Using an imaging method called atomic force microscopy, Loong achieved two “firsts”: the first direct imaging of individual alpha-tropomyosin molecules, which are very small — roughly 40 nanometers long — and the first demonstrated examples of a measure of the human cardiac protein’s flexibility. From there, he established a baseline of how flexible a normal version of the protein is supposed to be in a healthy human heart.
“This basic research is important to broadening our understanding of how the human heart functions normally at the molecular level,” Loong said. “The flexibility of alpha-tropomyosin dictates how effectively or properly the heart muscle will contract on each beat and has implications for keeping the heart free of cardiovascular disease.
“Before this study, we did not know how flexible this protein was,” Loong said. “Using these results, now we can conduct subsequent studies to compare disease-related mutants of this protein to see how much they deviate from normal versions.”
Loong served as the lead author of the paper “Persistence Length of Human Cardiac a-Tropomyosin Measured by Single Molecule Direct Probe Microscopy,” which was published in the journal PLoS ONE. He conducted the research with physics Professor Huan-Xiang Zhou and biological science Professor P. Bryant Chase, both of Florida State.
When an electrical signal is generated in the heart to make it contract, calcium is released inside each heart muscle cell. The calcium then binds to a protein called troponin, and that triggers the “flexing movement” of alpha-tropomyosin, which allows another protein called myosin — the motor protein — to interact with the troponin/tropomyosin actin filaments. This series of events is what generates the heart’s contraction that pumps blood. A subsequent removal of calcium inside each heart cell is what relaxes the heart, which allows the heart to fill with blood to be pumped on the next beat.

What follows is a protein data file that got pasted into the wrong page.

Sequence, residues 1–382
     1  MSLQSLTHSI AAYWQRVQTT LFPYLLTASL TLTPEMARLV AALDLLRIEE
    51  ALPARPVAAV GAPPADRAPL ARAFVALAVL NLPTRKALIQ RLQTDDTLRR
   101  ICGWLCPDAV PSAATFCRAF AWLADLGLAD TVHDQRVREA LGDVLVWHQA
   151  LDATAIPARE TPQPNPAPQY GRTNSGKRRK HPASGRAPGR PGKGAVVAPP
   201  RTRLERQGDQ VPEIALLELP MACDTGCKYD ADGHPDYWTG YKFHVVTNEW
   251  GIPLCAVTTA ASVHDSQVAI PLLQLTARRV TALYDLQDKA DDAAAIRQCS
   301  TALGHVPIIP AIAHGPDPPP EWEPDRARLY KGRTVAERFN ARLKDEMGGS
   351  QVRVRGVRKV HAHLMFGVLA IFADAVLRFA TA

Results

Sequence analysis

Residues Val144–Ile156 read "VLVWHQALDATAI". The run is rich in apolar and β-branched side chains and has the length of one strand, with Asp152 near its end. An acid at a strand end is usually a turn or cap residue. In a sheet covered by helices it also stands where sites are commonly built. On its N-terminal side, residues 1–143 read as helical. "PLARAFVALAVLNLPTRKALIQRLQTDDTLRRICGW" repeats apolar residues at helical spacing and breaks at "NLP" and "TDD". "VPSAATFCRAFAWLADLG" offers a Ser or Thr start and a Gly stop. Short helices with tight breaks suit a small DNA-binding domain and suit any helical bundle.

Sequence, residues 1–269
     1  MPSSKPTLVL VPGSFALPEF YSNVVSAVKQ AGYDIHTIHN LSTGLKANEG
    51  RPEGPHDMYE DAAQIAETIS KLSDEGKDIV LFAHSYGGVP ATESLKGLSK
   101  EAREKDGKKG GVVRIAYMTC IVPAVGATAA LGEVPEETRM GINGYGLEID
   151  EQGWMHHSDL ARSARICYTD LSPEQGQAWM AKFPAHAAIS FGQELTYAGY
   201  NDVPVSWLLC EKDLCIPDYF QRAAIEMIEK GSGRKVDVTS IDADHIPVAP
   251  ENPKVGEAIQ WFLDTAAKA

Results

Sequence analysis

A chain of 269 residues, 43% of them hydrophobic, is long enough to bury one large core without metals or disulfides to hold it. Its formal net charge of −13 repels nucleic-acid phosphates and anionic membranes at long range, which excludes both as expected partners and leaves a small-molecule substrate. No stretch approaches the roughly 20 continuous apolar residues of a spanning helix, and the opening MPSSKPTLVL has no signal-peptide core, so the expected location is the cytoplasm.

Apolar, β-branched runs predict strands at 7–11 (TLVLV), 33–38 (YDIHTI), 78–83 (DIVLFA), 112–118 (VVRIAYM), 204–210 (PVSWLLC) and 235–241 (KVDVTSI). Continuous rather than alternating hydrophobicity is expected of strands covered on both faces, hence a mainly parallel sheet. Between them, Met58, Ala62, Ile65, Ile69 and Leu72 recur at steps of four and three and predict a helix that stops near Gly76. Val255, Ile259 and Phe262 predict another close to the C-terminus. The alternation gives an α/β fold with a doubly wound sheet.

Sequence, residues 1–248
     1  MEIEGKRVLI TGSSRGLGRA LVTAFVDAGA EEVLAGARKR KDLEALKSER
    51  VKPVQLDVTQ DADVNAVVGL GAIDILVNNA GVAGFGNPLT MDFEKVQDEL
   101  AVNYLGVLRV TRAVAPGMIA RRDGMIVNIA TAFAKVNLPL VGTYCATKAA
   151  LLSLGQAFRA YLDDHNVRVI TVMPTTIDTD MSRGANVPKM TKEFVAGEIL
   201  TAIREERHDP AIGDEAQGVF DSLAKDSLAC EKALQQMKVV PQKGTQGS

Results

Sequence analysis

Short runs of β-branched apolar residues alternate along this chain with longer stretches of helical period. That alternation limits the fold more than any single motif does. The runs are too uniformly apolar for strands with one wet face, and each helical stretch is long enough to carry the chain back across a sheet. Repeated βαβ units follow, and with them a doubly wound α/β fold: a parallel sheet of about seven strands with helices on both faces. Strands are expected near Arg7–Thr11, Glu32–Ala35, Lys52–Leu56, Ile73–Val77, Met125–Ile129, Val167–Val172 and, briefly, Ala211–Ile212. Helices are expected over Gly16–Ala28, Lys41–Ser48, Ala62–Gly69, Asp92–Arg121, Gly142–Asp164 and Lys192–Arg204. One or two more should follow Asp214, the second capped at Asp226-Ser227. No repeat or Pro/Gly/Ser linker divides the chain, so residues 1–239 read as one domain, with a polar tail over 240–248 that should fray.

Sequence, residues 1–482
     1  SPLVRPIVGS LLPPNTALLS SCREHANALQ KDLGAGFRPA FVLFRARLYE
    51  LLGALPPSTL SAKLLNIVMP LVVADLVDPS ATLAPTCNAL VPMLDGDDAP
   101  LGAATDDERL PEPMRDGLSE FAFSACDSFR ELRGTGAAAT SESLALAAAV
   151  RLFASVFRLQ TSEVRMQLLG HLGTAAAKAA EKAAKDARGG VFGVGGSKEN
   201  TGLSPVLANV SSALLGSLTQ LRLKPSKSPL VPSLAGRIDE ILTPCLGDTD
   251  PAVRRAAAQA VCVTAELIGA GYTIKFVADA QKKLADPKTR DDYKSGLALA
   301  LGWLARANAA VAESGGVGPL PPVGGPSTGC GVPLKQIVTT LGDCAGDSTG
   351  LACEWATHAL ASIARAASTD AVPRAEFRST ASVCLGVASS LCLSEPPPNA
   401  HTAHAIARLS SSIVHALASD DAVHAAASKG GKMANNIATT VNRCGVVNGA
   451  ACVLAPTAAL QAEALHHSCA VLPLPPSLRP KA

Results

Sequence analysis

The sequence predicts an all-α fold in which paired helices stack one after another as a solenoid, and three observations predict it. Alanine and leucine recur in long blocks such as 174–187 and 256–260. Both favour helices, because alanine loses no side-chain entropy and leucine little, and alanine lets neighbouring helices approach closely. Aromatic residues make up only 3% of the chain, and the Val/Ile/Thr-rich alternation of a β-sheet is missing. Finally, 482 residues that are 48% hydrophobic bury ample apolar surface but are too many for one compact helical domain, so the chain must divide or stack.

“Alpha-tropomyosin is a key element that makes the calcium signal either turn the heart on, making it contract, or turn it off, making it relax,” Chase said. “There is an optimal range of flexibility of alpha-tropomyosin for the normal heart to function properly. The molecule can be too stiff or it can be too flexible, either of which could lead to cardiovascular disease. What we ultimately think is that evolution has tuned the mechanical properties of these proteins for optimal function in the heart.”
P. Bryant Chase | Newswise Science News
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